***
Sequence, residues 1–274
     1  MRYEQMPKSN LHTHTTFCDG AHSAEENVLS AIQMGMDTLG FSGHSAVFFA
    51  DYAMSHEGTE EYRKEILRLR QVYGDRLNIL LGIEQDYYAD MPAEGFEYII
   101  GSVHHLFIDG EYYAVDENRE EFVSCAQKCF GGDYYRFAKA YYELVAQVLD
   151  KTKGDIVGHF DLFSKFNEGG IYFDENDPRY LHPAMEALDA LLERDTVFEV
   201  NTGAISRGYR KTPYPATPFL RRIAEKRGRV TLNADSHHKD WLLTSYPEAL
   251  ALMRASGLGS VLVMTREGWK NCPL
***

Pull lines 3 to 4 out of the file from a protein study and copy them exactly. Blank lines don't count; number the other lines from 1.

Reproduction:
    51  DYAMSHEGTE EYRKEILRLR QVYGDRLNIL LGIEQDYYAD MPAEGFEYII
   101  GSVHHLFIDG EYYAVDENRE EFVSCAQKCF GGDYYRFAKA YYELVAQVLD